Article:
The House of Fraser is a British department store chain with over 60 stores across the United Kingdom. The company was founded by Hugh Fraser and James Arthur in 1849 as a linen drapery business in Glasgow, Scotland. By 1891, the company had grown to eight stores and was acquired by the Harrods group. In 1957, House of Fraser was floated on the London Stock Exchange. In 1985, the company acquired Harvey Nichols. In 2014, the Chinese conglomerate Sanpower Group purchased an 80% stake in House of Fraser for £480 million.
Who are House of Fraser's competitors?
There are a number of British department stores that compete with House of Fraser, including Selfridges, Harvey Nichols, Harrods, and Fortnum & Mason. These stores all offer a similar range of products and services, but each has its own unique history and identity.
Selfridges is the largest department store in the UK and was founded by American entrepreneur Harry Gordon Selfridge in 1908. The store is known for its lavish displays and luxury goods.
Harvey Nichols is another high-end department store that was established in 1831. The store is particularly popular with fashionistas and has been featured in a number of films and TV shows over the years.
Harrods is the world's largest department store and was founded in 1834. The store stocks an impressive range of products, from food to fashion, and is a popular tourist destination in London.
Finally, Fortnum & Mason is a historic department store that dates back to 1707. The store is famous for its food hall and tea room, and also sells a range of luxury goods.
House of Fraser Timeline
House of Fraser is founded by Hugh Fraser and James Arthur in Glasgow, Scotland. The company starts out as a small drapery shop.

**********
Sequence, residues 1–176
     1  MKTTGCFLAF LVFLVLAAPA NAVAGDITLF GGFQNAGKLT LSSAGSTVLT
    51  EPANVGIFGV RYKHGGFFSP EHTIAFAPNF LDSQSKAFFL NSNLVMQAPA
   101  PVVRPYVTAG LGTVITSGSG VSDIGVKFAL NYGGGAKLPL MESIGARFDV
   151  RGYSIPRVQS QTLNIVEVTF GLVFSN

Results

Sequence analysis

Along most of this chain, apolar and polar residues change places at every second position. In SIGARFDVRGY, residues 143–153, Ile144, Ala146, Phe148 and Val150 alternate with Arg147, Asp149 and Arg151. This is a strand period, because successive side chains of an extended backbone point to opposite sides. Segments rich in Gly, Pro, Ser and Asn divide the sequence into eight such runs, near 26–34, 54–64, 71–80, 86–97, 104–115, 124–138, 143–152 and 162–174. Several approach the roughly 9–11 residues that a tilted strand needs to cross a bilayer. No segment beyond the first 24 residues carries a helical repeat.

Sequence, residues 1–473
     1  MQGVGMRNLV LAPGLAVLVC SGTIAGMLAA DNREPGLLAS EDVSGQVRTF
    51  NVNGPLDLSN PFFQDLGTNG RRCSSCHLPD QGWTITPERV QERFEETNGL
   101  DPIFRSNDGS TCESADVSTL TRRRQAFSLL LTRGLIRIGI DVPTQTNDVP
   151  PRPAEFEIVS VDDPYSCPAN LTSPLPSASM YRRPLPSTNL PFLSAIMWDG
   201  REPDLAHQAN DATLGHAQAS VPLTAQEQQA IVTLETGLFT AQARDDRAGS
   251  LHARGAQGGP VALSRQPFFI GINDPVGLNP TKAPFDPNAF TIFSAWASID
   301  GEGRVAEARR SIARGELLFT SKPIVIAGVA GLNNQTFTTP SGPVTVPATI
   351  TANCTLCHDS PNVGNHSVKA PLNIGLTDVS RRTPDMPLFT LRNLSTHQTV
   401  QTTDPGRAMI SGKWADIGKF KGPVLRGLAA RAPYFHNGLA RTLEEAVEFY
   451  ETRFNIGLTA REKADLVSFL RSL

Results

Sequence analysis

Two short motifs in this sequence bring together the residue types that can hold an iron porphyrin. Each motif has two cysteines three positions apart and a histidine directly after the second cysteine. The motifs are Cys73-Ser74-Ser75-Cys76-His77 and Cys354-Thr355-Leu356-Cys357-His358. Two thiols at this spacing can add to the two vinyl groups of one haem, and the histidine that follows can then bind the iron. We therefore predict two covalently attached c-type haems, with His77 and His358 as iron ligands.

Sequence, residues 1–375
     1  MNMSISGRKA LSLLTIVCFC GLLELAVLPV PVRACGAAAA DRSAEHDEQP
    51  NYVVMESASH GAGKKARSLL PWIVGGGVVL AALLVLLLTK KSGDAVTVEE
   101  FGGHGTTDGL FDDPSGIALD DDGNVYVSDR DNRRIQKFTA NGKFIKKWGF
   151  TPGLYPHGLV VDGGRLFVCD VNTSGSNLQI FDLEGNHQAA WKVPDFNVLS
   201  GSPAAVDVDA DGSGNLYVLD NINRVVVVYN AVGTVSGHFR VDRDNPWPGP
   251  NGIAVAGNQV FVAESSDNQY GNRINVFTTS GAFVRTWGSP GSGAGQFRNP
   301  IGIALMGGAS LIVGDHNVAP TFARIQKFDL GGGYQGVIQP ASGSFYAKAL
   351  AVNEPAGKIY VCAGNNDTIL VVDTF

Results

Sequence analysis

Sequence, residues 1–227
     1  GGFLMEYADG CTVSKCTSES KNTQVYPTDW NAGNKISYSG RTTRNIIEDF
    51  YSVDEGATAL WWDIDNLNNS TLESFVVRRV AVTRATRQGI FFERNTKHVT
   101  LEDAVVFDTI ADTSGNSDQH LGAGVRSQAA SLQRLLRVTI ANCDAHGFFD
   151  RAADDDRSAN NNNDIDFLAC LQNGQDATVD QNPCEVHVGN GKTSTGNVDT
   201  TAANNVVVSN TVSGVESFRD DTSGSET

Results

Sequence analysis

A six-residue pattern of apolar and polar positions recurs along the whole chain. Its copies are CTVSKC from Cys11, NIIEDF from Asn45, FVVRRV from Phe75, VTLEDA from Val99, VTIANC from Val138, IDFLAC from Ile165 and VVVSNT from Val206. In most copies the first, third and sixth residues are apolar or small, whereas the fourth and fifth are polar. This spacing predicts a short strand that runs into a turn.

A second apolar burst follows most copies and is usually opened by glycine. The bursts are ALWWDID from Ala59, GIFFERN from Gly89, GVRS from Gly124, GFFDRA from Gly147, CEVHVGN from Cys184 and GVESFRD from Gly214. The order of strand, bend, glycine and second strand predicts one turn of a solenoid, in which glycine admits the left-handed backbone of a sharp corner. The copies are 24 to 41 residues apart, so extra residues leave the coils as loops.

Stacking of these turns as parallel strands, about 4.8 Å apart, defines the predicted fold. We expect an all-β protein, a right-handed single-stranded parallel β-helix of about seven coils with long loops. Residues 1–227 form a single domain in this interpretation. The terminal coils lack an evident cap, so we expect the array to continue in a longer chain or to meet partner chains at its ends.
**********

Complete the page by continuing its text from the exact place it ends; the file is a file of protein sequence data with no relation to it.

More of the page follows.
1891: The first House of Fraser store opens on London's Oxford Street.
1928: House of Fraser acquires the iconic Harrods department store.
1985: The company is floated on the London Stock Exchange.
2014: after going through a number of ownership changes, House of Fraser is acquired by Chinese conglomerate Sanpower for £480 million.
The History of House of Fraser (19th century)
In 1849, Hugh Fraser and James Arthur purchased a small drapery shop on the corner of Argyle Street and Buchanan Street in Glasgow. The company grew steadily, and by 1856 they had opened a second store on Edinburgh's Princes Street. The success of the Edinburgh store led to a rapid expansion, and by 1895 there were stores in Manchester, Liverpool, Leeds, Birmingham, and London.
The early 20th century was a period of great growth for House of Fraser. In 1909 they acquired the famous London department store Dickins & Jones, and in 1920 they took over the iconic Scottish department store Arnott's. By 1930 House of Fraser had become one of the largest department store groups in the UK, with a total of 36 stores across the country.
The company continued to grow throughout the rest of the 20th century, acquiring several more well-known department stores including Selfridges (1949), Harrods (1959), and Harvey Nichols (1972). In 1985 House of Fraser was taken over by the Egyptian conglomerate Casterbridge Group, but this proved to be unsuccessful and the company was sold again just four years later.